Selling college, overseas
U.S. recruiters find a growing market, especially in Vietnam
HO CHI MINH CITY, Vietnam — Besides the brochures, application forms and giveaway trinkets spread on the table in front of her, Claudia Colnar keeps a U.S. map handy. Inevitably, “Where’s Wyoming?” is the first question she’ll get when recruiting Vietnamese students to her community college.
Her response goes beyond geography. Wyoming is home to American Indian tribes, national parks and snow, she says. She tells parents that Sheridan College, her campus, is in a safe, rural environment.
Colnar’s trip last year, her first to Vietnam, yielded no enrollments. This week, she’s trying again. “We’d be remiss if we didn’t,” she says.
At the New World Hotel, 700 students and their parents poured into a fancy ballroom to lear n ab out 23 U. S. schools participating in last year’s Asian recruitment tour organized by the American Association of Community Colleges.
Other countries may send more students to the USA, but enrollment of Vietnamese students in U.S. colleges and universities is growing fastest. It jumped 45%, to 8,769, in 2007-2008, the latest data available. The worldwide increase averaged 7%.
About 85% of visas for Vietnamese students are issued in Ho Chi Minh City; most of those — more than 5,000 — go to students who plan to start at a two-year college.
A growing number of community college students are studying abroad — but tight resources threaten these pioneering programs. At HigherEd.usatoday.com.
Market ‘on fire’ in Vietnam
“The market for community colleges is on fire here,” says Mark Ashwill, who until recently directed the Institute of International Education in Vietnam, which co-hosted the fair. Most students plan to earn a bachelor’s degree, but community colleges are an attractive place to start. They tend to be more flexible about language requirements and don’t require admissions test scores.
Meanwhile, demand for higher education far outstrips supply here. And rapidly growing incomes mean many urban families can afford the cost of a U.S. college education.
“I want her to have a better future,” says Do Thi Kim Lien, a secretary at the fair on this afternoon with daughter Pham Ngoc My Linh, 20. Linh has studied English and is interested in studying hospitality management. “When I come back to Vietnam, I’ll have a good job,” she says.
International students contribute more than $15.5 billion in tuition and living ex- penses to the U.S. economy, through their expenditures on tuition and living expenses, making U.S higher education one of the country’s largest service-sector exports.
Inspiring their classmates
Several recruiters here say foreign students also often inspire their classmates.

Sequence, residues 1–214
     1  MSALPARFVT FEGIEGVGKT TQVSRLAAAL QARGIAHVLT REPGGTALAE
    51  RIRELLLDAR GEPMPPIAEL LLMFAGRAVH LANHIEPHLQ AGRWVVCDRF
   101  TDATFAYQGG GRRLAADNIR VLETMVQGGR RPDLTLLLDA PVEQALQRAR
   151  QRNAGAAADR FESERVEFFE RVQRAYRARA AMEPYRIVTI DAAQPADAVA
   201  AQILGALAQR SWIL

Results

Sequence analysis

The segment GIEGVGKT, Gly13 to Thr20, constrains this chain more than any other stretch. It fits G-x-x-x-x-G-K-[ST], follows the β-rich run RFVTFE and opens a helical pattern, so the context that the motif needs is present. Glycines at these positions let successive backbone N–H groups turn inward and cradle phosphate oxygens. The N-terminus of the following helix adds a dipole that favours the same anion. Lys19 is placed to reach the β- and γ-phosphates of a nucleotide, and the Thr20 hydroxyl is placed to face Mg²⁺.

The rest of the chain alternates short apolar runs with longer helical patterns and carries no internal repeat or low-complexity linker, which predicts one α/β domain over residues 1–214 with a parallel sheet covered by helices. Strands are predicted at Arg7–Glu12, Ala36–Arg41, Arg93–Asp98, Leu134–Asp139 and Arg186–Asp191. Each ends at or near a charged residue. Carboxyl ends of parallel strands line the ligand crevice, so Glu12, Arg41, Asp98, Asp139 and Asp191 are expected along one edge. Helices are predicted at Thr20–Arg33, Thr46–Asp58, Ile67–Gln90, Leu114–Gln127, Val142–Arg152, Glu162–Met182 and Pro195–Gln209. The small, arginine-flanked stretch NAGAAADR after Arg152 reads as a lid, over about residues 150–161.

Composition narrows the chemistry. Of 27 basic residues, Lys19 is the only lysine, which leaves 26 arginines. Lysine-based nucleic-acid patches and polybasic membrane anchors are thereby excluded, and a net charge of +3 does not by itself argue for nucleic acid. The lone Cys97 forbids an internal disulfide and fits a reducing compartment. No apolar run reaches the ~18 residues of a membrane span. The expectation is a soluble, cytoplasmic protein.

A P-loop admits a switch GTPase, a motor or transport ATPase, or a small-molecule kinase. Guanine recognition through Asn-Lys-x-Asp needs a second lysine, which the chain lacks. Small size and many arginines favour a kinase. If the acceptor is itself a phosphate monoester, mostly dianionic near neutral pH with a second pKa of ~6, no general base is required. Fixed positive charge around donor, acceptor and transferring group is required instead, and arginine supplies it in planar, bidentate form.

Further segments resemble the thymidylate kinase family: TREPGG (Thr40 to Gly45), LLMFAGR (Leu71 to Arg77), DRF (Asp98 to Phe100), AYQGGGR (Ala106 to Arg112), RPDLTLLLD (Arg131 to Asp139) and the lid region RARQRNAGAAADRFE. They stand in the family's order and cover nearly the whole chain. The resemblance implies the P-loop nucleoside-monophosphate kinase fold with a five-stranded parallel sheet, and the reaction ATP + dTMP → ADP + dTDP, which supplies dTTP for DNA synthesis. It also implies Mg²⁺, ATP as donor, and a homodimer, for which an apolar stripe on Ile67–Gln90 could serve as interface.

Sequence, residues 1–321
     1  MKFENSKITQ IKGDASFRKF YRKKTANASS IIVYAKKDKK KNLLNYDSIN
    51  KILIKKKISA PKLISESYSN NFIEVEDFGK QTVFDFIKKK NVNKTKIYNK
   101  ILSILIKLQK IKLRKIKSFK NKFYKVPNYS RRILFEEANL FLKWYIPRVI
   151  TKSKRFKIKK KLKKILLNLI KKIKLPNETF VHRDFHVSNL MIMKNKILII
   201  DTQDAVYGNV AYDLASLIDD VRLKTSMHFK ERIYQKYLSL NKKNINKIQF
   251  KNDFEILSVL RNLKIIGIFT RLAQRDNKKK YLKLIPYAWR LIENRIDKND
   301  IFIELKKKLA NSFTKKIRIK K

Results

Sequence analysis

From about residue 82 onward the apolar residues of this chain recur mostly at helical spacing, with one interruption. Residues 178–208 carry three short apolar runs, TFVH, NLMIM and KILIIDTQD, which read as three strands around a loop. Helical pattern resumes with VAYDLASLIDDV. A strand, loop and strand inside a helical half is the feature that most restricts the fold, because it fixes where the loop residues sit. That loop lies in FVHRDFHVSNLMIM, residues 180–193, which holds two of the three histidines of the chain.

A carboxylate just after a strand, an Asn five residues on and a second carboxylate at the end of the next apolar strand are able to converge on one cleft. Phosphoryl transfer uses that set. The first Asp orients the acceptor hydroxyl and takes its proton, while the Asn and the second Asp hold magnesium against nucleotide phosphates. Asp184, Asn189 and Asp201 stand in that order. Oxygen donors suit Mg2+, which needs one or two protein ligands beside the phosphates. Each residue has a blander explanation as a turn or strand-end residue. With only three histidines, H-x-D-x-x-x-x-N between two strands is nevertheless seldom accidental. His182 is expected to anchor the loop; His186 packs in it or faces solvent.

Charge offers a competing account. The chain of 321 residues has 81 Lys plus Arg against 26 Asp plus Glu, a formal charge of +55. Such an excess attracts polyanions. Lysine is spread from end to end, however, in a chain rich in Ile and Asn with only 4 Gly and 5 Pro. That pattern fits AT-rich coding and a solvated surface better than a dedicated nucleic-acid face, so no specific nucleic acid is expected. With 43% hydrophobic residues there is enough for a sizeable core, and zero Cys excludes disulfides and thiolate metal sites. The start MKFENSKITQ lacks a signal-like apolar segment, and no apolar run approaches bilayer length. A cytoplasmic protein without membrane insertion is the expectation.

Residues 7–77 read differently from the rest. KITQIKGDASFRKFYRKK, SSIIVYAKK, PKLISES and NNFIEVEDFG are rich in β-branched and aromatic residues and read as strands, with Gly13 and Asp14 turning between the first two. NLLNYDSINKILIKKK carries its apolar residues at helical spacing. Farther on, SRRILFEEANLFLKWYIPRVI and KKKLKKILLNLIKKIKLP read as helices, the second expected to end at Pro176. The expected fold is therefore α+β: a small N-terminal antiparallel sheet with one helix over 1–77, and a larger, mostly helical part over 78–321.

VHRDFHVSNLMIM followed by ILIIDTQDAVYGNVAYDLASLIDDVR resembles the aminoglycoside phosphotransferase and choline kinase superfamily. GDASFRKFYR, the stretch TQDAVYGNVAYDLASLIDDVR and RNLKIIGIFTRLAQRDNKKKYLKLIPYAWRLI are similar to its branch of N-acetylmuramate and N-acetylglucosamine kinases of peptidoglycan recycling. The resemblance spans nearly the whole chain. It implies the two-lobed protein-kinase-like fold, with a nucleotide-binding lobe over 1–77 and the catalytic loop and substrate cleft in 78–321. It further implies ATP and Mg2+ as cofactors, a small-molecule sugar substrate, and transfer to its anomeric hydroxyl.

“These international students are so driven. They want to succeed,” says Nithy Sevanthinathan, director of international programs for the Lone Star College System in Texas, where about 2,100 of 51,000 students, or 4%, are foreign; about 120 are Vietnamese. When U.S. students get to know them, he says, “Their own dreams become broader and greater.”
Despite those benefits, international recruiting can be a slow and challenging process. The U.S. Consulate here has gained a reputation for having strict visa requirements. A 2005 study by Australia, for example, found that while Vietnamese students would prefer the USA, they are more likely to enroll in Australian colleges.
“Most of my friends interviewed to get a (U.S.) visa, but most of them failed,” says Nguyen Duc Dung, 24, a former English teacher who is studying business administration in Ho Chi Minh City. His sister, Vo Thi Thanh Tu, 18, hoped to attend a community college in Washington state but was not granted a visa. Now, her brother says, she is studying in Australia.
Michael Michalak, U.S. ambassador to Vietnam, says he is committed to increasing Vietnamese student enrollments in U.S. colleges. But, he stresses, visa applicants must be able to demonstrate that they are “bona fide students,” have been accepted at an institution, can pay for their education, and “have a plan for using that education when returning to Vietnam.”
For community colleges, that means patience is key. Sevanthinathan took home contact information for 40 students last year, and three applied for admission. But as with Colnar, none of that interest translated into enrollments this fall. He’s also back this year.
Judith Irwin, who organized the trip as director of international programs and services of the association, says it typically takes three to five years for a school to see the fruits of their work. “It takes time and followup. It’s not an inexpensive endeavor.”